US President Barack Obama is expected on Wednesday to unveil wide-ranging measures aimed at curbing gun violence. The proposals could echo measures, considered the toughest in the nation, passed in New York state on Tuesday.
Mr Obama has said he favours bans on assault weapons and high-capacity ammunition magazines, as well as broader background checks. The US gun control debate has been revived by last month's mass shooting at a school in Newtown, Connecticut. There, a gunman shot dead 27 people, including 20 children and his own mother.
At 11:55 EST (16:55 GMT) on Wednesday, Mr Obama is expected to unveil the new proposals at the White House, flanked by children who wrote him letters after the Newtown shooting. Mr Obama has already acknowledged his proposals will face stiff opposition in Congress. But he is said to be weighing as many as 19 specific measures he could take through unilateral executive action. These could include tougher punishment of gun trafficking, aggressive prosecution of people who lie on background checks, and an end to limits on government research into gun violence.
The nation's top gun lobby, the National Rifle Association (NRA) says it will fight any attempts to limit access to guns or ammunition. In the days after the Newtown shooting, the NRA proposed stationing armed guards in every school in America. The group says it has signed up more than 100,000 members since the massacre.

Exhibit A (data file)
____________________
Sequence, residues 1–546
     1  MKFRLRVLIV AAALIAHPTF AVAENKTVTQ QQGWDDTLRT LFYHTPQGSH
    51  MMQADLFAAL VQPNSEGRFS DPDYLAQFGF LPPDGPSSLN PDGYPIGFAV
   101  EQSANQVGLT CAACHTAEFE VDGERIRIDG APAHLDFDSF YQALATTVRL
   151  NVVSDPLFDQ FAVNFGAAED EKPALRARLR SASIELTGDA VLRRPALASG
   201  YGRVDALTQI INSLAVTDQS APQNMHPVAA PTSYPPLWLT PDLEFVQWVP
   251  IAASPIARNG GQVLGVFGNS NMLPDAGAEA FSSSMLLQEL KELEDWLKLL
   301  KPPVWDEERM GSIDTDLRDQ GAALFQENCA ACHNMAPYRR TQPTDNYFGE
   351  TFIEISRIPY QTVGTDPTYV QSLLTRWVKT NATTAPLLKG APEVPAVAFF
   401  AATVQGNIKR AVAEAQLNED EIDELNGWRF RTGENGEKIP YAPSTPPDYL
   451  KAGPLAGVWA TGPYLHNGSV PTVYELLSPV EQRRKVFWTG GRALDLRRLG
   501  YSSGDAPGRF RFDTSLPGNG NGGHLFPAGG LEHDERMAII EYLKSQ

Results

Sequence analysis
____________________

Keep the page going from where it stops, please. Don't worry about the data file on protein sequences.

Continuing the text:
On Wednesday, the group released a web advert attacking the president as "an elitist hypocrite" because his daughters are protected by armed guards at their school in Washington DC. But, the ad claims, he opposes armed guards in every school and favours "gun-free" school zones.
Mr Obama has said he is "sceptical" that putting more guns in schools is the "only answer", but he has not taken a stronger position on the NRA's proposal, nor commented on gun-free school zones.
Even before his second term begins, Barack Obama is about to throw down a big gauntlet. No-one expected gun control to be so high on his list of priorities, but the killings at Newtown seem to have changed everything.
The president knows he faces a daunting challenge - there's little appetite in Congress for major gun control legislation. But Mr Obama seems determined to try to shame Congress into action. He'll be surrounded by children when he unveils his plans, a device that could prove as controversial as the measures themselves.
He may cite the example of New York state - which has just passed one of the toughest gun ownership laws in the country - as evidence that changes can be made to the law. But opponents of new legislation are mobilising and gun sales have soared since Newtown. For the first time in almost 20 years, the stage is set for a bitter fight over America's gun laws.
On Tuesday, the New York state legislature comfortably passed the first gun control law since the shootings in Newtown. Supporters said the state's firearms restrictions were now the tightest in the nation.
"Common sense can win," New York Governor Andrew Cuomo, a Democrat, said. "You can overpower the extremists with intelligence and with reason and with common sense."
The New York measures include a wider ban on assault weapons, a law limiting high-capacity ammunition magazines, and provisions to keep guns from mentally ill people who make threats. Some gun owners will also have to register them with authorities.
According to a Washington Post-ABC News poll released on Monday evening, about half of Americans say they have grown more supportive of gun control measures since the Newtown shooting. The poll found 58% of respondents back a ban on the most powerful rifles.Source: BBC News